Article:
The number of children benefiting from Child Maintenance has decreased by 17% according to the DWP’s Child Support Quarterly Summary. This is the lowest since March 2012. The recent Child Support Agency (CSA) case closures have had a dramatic contribution to this reduction.
The report also shows that outstanding Child Maintenance arrears currently stand at a staggering £3.584 bn. Cases with outstanding payments have increased since January 2012 from 54.7% to 55.5%.
The number of male Non-Resident Parents (NRPs) accounts for one in nine live cases, the same as previous quarters. When you consider that 48% of couples divorcing in 2013 had at least one child under 16, it’s clear why there’s a real need to be crystal clear on the subject of Child Maintenance.
What Is Child Maintenance?
Child Maintenance, also known as Child Support, is a weekly amount paid to the Parent With Care (PWC) by the NRP. This helps towards the child’s living costs and ensures their wellbeing isn’t affected following the breakdown of the relationship.
Child Maintenance is so important because it helps to pay for things such as food, clothes, and other essentials. It also ensures both parents provide a healthy relationship for their child.
It’s worth noting that paying Child Maintenance is a legal responsibility. If you miss your weekly payments, the Child Maintenance Service (CMS) will take action to recoup the money.
How Can The Child Maintenance Service Help?
The CMS will help to determine how much Child Maintenance is due. They take into account a number of factors, which we will discuss later on, in order to calculate how much money the NRP needs to be pay each week to the PWC.
Before you apply to the CMS, it’s worth talking to Child Maintenance Options (CMO) to get a clearer understanding of how much the NRP needs to contribute. You can call CMO free on 0800 988 0988 or find out more on their website.
How To Apply For Child Maintenance
Once you have discussed your arrangement options with CMO, you will be given a reference number. If you choose to apply for Child Maintenance, this reference number tells the CMS which route you would prefer to go down.
You will need to provide the following information about you and your family:
- Details of the child you’re applying for
- Your National Insurance number
- Your bank account details
The application fee for this service is £20. However, you won’t have to pay this if you are:
- A victim of domestic violence
- Under 19
- In Northern Ireland
This information is then used to set up and manage the Child Maintenance payments, and sometimes locate the paying parent if an amount goes unpaid.
If the CMS isn’t provided with the necessary information, this can also be taken from:
- The ‘paying’ parent’s employer
- Government organisations such as Jobcentre Plus
- Prison services
- Local councils
- The paying parent’s bank or building society
Most Child Maintenance cases are set up within a month of application. It may take longer if there is an issue contacting the paying parent. The first payment is ordinarily made six weeks after making the arrangements.
Are There Different Payment Methods?
The CMS provides two payment methods. The first is Direct Pay. The CMS calculates how much the paying parent must contribute. Then both parents must come to an agreement on how and when the payments will be made by the PWC.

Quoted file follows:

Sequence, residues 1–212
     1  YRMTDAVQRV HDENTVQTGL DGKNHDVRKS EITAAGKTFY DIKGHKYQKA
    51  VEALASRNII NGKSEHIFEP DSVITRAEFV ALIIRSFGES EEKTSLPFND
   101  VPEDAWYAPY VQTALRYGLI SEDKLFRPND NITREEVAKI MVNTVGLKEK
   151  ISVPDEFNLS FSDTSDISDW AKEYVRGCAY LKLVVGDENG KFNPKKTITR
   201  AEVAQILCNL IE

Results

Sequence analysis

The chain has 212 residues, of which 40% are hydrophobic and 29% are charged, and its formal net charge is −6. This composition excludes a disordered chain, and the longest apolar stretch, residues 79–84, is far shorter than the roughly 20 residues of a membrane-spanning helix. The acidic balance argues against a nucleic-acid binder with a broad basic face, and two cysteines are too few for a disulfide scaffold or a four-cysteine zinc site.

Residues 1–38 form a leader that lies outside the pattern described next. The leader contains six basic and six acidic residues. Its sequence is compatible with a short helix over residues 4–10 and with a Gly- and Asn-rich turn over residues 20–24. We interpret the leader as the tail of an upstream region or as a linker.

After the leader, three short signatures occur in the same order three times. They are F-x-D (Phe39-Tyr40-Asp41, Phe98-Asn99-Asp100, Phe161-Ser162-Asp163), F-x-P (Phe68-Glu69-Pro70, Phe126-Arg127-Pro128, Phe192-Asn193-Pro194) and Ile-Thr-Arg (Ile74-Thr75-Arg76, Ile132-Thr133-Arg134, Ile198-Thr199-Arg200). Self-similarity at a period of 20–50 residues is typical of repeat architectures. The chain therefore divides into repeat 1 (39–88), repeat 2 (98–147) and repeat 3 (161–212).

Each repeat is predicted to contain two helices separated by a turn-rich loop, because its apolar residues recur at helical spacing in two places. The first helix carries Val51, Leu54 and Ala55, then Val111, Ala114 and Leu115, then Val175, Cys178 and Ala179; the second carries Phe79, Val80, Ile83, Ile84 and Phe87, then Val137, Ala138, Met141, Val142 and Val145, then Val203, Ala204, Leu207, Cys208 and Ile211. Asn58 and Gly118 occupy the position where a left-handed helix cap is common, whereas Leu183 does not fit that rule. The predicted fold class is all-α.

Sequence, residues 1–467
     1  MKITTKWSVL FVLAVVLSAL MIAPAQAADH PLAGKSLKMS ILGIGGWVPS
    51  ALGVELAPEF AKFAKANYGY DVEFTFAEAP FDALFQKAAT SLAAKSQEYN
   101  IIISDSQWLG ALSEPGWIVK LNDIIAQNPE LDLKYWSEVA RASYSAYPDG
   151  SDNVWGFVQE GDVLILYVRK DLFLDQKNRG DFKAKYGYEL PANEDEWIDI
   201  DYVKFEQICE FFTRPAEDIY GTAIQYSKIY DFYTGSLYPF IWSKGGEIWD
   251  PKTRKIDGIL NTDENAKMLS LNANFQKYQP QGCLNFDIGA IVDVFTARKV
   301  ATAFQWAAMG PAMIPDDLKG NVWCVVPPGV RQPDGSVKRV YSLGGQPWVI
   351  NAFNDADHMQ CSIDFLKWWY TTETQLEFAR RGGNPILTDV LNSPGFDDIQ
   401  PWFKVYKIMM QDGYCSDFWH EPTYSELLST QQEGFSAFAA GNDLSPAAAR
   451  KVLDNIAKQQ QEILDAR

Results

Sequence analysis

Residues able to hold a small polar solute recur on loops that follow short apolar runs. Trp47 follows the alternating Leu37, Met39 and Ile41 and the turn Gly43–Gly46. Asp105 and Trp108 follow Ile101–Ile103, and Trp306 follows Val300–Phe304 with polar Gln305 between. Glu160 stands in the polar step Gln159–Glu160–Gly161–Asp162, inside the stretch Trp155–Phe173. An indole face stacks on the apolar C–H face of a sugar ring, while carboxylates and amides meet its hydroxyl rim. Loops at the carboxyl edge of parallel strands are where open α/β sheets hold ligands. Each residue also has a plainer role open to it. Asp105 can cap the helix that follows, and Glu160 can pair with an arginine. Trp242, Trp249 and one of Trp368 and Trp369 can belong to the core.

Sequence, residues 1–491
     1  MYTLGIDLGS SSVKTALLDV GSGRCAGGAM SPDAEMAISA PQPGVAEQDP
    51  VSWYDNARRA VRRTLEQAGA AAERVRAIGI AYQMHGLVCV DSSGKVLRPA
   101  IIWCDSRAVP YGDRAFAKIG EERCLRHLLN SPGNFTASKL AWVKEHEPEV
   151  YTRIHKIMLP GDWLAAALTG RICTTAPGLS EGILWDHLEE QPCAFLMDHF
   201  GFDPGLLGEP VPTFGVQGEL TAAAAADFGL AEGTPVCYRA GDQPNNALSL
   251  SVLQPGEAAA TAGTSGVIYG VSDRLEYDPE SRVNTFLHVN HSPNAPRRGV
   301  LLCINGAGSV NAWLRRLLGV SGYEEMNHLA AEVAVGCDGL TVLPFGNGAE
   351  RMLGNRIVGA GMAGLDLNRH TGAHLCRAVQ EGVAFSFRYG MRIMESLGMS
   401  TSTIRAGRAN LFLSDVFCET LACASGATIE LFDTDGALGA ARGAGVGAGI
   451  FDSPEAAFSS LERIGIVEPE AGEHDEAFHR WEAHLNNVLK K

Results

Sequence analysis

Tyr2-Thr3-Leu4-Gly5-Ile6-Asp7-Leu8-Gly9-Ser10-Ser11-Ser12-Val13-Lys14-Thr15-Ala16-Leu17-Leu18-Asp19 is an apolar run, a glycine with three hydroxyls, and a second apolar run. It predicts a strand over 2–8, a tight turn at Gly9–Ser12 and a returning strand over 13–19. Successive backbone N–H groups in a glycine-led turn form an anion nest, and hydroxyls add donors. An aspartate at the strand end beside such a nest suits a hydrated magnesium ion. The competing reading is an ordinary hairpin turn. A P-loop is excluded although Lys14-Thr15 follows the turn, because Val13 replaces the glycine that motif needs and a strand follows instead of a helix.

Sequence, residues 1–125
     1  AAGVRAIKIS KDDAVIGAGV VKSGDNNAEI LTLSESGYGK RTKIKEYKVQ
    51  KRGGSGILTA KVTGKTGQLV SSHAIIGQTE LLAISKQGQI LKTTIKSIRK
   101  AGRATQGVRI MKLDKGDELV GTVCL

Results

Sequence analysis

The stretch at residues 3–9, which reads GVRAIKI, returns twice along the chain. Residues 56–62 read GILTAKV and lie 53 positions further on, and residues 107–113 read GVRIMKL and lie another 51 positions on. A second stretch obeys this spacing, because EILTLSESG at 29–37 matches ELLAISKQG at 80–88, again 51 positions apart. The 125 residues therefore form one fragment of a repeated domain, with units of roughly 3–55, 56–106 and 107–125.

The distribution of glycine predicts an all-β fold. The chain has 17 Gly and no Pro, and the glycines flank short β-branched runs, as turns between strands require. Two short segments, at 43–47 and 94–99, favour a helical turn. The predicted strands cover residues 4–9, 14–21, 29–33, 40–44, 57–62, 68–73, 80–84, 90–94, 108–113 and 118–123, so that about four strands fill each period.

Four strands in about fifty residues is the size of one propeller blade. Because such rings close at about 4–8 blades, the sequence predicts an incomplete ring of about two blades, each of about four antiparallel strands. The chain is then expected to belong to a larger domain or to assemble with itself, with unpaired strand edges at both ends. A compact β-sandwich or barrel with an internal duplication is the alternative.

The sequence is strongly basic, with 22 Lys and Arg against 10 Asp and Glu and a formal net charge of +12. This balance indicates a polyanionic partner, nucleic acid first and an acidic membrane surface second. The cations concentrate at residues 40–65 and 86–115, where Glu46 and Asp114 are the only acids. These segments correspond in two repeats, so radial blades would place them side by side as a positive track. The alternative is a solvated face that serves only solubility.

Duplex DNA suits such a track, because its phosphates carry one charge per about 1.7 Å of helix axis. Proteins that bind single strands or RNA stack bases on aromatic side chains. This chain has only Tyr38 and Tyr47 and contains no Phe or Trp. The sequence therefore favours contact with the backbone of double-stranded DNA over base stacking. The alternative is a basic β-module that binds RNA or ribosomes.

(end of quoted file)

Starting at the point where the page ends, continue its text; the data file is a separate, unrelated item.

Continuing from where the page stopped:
If the NRP doesn’t pay in full or on time, the CMS may choose to move the case to Collect & Pay.
Collect & Pay is the second payment option that the CMS offers. With this method the CMS collects the amount due from the paying parent and passes it on to the receiving parent.
If the NRP fails to make their payments in full or on time then the CMS may take immediate enforcement action.
Application and enforcement fees were introduced in 2014. This means that if you choose the Collect & Pay service, you will also need to pay for the collection and payment of the Child Maintenance.
In addition to the application fee, there are a number of other costs to take into account when applying for Child Maintenance. There’s a 20% collection fee for paying parents using the Collect & Pay service. This is on top of the Child Maintenance amount.
Receiving parents must pay a 4% collection fee for using the Collect & Pay service. This will be deducted from the amount received. Paying parents may have to pay enforcement charges if they fail to make their payments in full and on time.
Parents who have set up a Family-Based Arrangement or have opted for Direct Pay do not have to pay any additional charges.
How Is Child Maintenance Calculated?
There are a number of factors that the CMS takes into consideration when calculating how much Child Maintenance is due.
- Your weekly gross income, before tax and National Insurance is deducted but after pension contributions have been taken
- If you receive certain benefits
- How many children you are paying Child Maintenance for
- The number of other children you support in your household
- How often your child stays with you overnight
Leading international family law firm Cordell & Cordell has created an innovative Child Maintenance Calculator that provides an estimate of what you can expect to pay.
By answering a number of questions, you will be able to get an idea of how much Child Maintenance you or your ex-partner should be paying. The calculator provides an estimated amount, so it’s worth seeking guidance from the CMS for further information.
What If My Circumstances Change?
If your circumstances change, for example if your salary increases or decreases, you need to inform HMRC and the CMS straight away. This is because any changes to your personal details may impact the amount of Child Maintenance you should be paying.
This post was written by Haroop Ahluwalia, Divorce Solicitor at Cordell & Cordell.